High-capacity optical transmitters with reduced size, cost, and power consumption are required to meet growing bandwidth requirements of network systems. A high-modulation-efficiency Mach-Zehnder modulator (MZM) on an Si platform is a key piece of equipment for these transmitters. Si-MZMs have been widely reported; however their performance is limited by the material properties of Si. To overcome the performance limitations of Si MZMs, we have integrated III-V materials on Si substrate and developed a heterogeneously integrated III-V/Si metal oxide semiconductor (MOS) capacitor phase shifter for constructing ultra-high efficient MZM, in which the n-InGaAsP, p-Si, and SiO2 film are used for constructing the MOS capacitor. The fabricated MZM with the MOS capacitor exhibited a VπL of 0.09 Vcm and insertion loss of ~2 dB. 32-Gbps modulation of the MZM was also demonstrated.
A high-efficiency and low-loss Mach-Zehnder modulator on a Si platform is a key component for meeting the demand for high-capacity, low-cost and low-power optical transceivers in future optical fiber links. We report a III-V/Si MOS capacitor Mach-Zehnder modulator with an ultrahigh-efficiency phase shifter, which consists of n-type InGaAsP and ptype Si. The main advantage of this structure is a large electron-induced refractive index change and low free-carrier absorption loss of the n-type InGaAsP. The heterogeneously integrated InGaAsP/Si MOS capacitor structure is fabricated by using the oxygen plasma assisted bonding method. The fabricated device shows VπL of 0.09 Vcm, a value over three-times smaller than that of the conventional Si MOS capacitor Mach-Zehnder modulator, without an increase in the insertion loss. This clearly indicates that the proposed III-V/Si MOS capacitor Mach-Zehnder modulator overcomes the performance limit of the Si Mach-Zehnder modulator.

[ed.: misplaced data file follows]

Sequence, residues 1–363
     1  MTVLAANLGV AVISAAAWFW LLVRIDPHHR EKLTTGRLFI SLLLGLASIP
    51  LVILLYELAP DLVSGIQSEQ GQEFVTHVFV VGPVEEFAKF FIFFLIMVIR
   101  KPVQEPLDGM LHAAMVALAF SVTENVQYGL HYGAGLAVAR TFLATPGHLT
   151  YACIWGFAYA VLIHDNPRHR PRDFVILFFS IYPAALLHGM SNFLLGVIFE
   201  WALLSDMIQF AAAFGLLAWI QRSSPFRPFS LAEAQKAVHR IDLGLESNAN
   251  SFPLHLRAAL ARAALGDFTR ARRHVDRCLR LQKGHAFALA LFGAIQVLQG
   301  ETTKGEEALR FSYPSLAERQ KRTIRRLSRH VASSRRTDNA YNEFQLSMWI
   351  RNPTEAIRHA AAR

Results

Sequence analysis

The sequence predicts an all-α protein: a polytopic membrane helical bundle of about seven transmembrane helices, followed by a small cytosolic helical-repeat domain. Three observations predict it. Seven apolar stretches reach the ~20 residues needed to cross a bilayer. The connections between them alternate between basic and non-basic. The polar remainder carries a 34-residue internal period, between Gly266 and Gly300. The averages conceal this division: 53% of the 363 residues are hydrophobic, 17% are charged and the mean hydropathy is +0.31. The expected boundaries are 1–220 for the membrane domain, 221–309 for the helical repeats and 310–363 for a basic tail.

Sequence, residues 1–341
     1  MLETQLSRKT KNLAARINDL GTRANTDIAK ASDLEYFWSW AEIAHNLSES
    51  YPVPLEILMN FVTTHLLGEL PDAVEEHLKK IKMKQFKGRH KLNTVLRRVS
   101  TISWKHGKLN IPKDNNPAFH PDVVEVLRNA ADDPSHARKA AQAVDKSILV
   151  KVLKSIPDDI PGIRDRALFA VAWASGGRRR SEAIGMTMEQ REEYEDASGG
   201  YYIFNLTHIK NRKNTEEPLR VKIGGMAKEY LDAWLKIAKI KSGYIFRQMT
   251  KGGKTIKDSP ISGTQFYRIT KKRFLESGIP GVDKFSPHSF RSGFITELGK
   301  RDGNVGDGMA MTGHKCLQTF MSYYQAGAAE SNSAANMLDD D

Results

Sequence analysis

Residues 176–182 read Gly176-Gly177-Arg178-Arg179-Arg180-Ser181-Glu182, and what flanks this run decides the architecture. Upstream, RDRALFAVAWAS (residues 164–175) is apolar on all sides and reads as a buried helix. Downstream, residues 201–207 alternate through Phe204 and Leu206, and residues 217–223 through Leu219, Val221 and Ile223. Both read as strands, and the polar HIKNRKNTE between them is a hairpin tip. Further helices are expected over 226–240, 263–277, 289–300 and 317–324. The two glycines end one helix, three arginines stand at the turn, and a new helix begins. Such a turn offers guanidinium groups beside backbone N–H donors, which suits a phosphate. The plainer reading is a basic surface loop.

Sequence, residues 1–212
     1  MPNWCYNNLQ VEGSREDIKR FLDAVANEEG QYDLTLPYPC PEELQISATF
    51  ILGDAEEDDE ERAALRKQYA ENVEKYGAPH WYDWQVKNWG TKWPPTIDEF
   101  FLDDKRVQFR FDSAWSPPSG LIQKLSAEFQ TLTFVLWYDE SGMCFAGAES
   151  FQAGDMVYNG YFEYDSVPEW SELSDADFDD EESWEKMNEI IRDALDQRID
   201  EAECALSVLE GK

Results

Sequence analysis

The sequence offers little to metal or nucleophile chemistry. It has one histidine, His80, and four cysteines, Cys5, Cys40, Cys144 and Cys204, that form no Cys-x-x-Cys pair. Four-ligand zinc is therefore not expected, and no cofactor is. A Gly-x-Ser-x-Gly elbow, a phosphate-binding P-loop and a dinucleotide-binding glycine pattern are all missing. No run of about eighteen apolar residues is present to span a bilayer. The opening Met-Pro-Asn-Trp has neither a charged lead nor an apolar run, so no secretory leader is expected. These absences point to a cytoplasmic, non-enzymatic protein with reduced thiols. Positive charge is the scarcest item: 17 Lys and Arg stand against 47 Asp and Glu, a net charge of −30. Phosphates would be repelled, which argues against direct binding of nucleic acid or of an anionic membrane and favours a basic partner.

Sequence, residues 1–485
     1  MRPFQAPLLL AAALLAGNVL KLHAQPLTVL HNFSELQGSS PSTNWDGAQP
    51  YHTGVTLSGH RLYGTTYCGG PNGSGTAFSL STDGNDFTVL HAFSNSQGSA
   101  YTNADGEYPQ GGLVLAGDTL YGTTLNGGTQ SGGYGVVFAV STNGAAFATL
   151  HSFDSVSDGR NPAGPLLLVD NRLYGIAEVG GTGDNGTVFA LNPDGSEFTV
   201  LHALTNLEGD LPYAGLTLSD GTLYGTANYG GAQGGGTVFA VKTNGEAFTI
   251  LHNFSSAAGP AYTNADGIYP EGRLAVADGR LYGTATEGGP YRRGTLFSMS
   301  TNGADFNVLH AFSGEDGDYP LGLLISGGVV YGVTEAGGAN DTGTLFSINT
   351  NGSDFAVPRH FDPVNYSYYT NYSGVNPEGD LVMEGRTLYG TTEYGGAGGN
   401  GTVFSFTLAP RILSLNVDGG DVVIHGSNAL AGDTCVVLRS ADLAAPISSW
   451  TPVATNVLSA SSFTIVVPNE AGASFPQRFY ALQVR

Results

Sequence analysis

Optical interconnects are expected to reduce the power consumption of ICT instruments. To realize chip-to-chip or chip-scale
optical interconnects, it is essential to fabricate semiconductor lasers with a smaller energy cost. In this context, we
are developing lambda-scale embedded active-region photonic-crystal (LEAP) lasers as light sources for chip-scale
We demonstrated the first continuous-wave (CW) operation of LEAP lasers in 2012 and reported a record low threshold
current and energy cost of 4.8 μA and 4.4 fJ/bit at 10 Gbit/s in 2013. We have also integrated photonic crystal
photodetectors on the same InP chip and demonstrated waveform transfer along 500-μm-long waveguides. Although
LEAP lasers exhibit excellent performance, they have to be integrated on Si wafers for use as light sources for chip-scale
In this paper, we give a brief overview of our LEAP lasers on InP and report our recent progress in fabricating them on
Si. We bonded the InP wafers with quantum-well gain layers directly on thermally oxidized Si wafers and performed all
process steps on the Si wafer, including high-temperature regrowth. After this process modification, we again achieved
CW operation and obtained a threshold current of 57 μA with a maximum output power of more than 3.5 μW at the
output waveguides. An output light was successfully guided through 500 × 250-nm InP waveguides.
Time division multiplexing has been generally used to increase the total throughput in optical communication systems. However, spatially-parallel optical interconnection technologies will be more effective over short distances (i.e., less than a few hundred meters). This is because data transmission in a parallel format makes system integration simple, reducing the latency of mux/demux functions, and thus results in lower power consumption and lower cost. VCSELs are very important for constructing parallel optical interconnection systems because they can emit a number of broadband optical signals simultaneously. In addition to their one- or two-dimensional structure, they have such advantages as a low cost, low operating current, and surface-normal emission. The surface-normal structure makes it easy to introduce optical input and output (I/O) into LSIs, which are important for constructing high-density optical interconnection systems.1